“Nothing in this case distinguished Steinle from the general public” when Lopez-Sanchez was released, Spero said. He said a contrary ruling “would subject virtually any decision by policymakers in the field of public safety ... to post-hoc second-guessing.”
Freddie Gray Fallout: Judge Allows Malicious Prosecution Lawsuit Against Mosby to Go Forward
By Debra Heine January 7, 2017
chat 147 comments
Baltimore State's Attorney Marilyn Mosby (AP Photo/Steve Ruark)
A federal judge ruled Friday to allow key parts of a lawsuit against Baltimore State's Attorney Marilyn Mosby to proceed. The lawsuit was brought by five of the six police officers charged in the death of Freddie Gray,
Via The Baltimore Sun:
U.S. District Judge Marvin J. Garbis ruled that claims including malicious prosecution, defamation, and invasion of privacy can move forward against Mosby and Assistant Sheriff Samuel Cogen, who wrote the statement of probable cause.
Mosby's attorneys had said she has absolute prosecutorial immunity from actions taken as a state's attorney. But Garbis noted that her office has said it conducted an independent investigation.
"Plaintiffs' malicious prosecution claims relate to her actions when functioning as an investigator and not as a prosecutor," Garbis wrote.
Other counts, such as false arrest, false imprisonment and abuse of process, were dismissed, as Garbis had signaled he would do at an October hearing. All claims against the state were also dismissed.
The ruling means that during the discovery stage, Mosby and others involved in the investigation could be deposed to explain how they came to charge the six officers in the death of Freddie Gray.
"We're looking forward to the depositions and learning about what really happened," said David Ellin, an attorney representing Lt. Brian Rice. "We think the discovery process will really allow us to flesh out many things."
Attorneys for Baltimore Police Officers Say Marilyn Mosby Should Be Disbarred
Ellin said he expects Mosby's attorneys to appeal and said that he wouldn't be surprised if the case reached the U.S. Supreme Court because of the monumental questions it poses for prosecutors.
"The ramifications of this case are huge, and nationwide," Ellin said.
After Mosby dropped all of the charges against the remaining police officers in the Freddie Gray case last summer, Ron Martinelli, a forensic criminologist and expert in forensic investigations and police practices, explained in The Hill why it happened.
As Prosecutor Mosby, her team, the media and so-called “No Justice; No Peace” Black Lives Matter supporters have embarrassingly learned time and time again in the cases of Trayvon Martin v. George Zimmerman (Stafford, FL); Michael Brown v. Officer Darren Wilson (Ferguson, MO); the State v. Officer Michael Brelo (Cleveland, OH); and now the State v. the Freddie Gray officers (Baltimore, MD); it is ultimately the forensic facts and not the false narratives that prevail in an ethical court of law.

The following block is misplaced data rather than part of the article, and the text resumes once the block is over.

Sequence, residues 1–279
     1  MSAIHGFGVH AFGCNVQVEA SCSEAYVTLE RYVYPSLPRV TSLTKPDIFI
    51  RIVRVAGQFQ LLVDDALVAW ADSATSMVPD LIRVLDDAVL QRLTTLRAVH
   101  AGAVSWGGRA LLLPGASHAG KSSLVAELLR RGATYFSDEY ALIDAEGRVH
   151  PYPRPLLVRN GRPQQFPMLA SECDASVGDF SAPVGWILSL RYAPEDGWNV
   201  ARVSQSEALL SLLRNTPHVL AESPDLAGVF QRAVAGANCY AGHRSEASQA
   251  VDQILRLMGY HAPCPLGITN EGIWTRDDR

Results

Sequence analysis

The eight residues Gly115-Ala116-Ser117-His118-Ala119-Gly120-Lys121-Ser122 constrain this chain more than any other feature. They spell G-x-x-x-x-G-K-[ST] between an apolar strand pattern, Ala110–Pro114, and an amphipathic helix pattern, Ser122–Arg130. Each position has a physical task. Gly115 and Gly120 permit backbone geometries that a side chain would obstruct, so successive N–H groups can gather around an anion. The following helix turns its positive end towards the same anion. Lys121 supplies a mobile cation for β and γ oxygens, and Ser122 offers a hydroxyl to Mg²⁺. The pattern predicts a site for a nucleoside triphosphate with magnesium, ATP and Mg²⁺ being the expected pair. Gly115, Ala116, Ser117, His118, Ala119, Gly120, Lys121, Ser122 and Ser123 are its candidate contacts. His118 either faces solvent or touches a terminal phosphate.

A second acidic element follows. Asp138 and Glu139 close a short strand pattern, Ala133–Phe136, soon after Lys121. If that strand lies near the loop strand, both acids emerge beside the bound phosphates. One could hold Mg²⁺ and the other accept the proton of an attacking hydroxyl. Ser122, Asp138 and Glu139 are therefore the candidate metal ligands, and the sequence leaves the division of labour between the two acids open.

Mosby is now learning the hard way what happens to a prosecutor who embraces a false narrative over the facts and forensic evidence.
Here's hoping that starting in 2017 politicians and the media adopt a more sober and educated stance in reaction to officer-involved uses of force and death cases and that the "Black Lives Matter" era of rushing to judgment in such cases is essentially over.
ore horse shit.
Police chief defends use of license plate cameras
The Associated Press
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City council members in Chattanooga have raised privacy concerns over the police department's practice of photographing and storing license plate information.
Police Chief Fred Fletcher discussed the matter with the council recently as part of an ongoing conversation concerning the balance of intelligence-gathering technology and privacy rights, the Chattanooga Times Free Press ( bit.ly/2j1E4TJ ) reported.
License plate readers are valuable crime-fighting tools that do the same thing police officers do every day, only "much faster and much more comprehensively," he said.
"It's the exact same thing, except instead of having a human being doing it with a radio and a dispatcher, it's being done with a camera and a little bit of technology," Fletcher said.
Fletcher said cameras mounted on patrol cars automatically photograph license plates. Special software is used to compare tag numbers to lists of plates associated with stolen vehicles or other investigations.
"If there is a hit, it sends an audio and visual notice to the officer," Fletcher said. "The officer then has to confirm that photograph actually matches the license plate, and confirm if the hit is actually a good hit."
The department would like to deploy stationary plate-readers at street "choke points" in violence-prone areas, Fletcher said. They would help in criminal investigations and intelligence-gathering and analysis
Councilman Yusuf Hakeem said the idea of tracking people's movements may feel like Big Brother, but the community has given the police department plenty of grief over crime.
Councilwoman Carol Berz said she worried about the department storing all license plate photographs, even if they are not connected to stolen vehicles or investigations.
Fletcher said the department database keeps license plate photos for 365 days, but does not keep associated personal identifying information.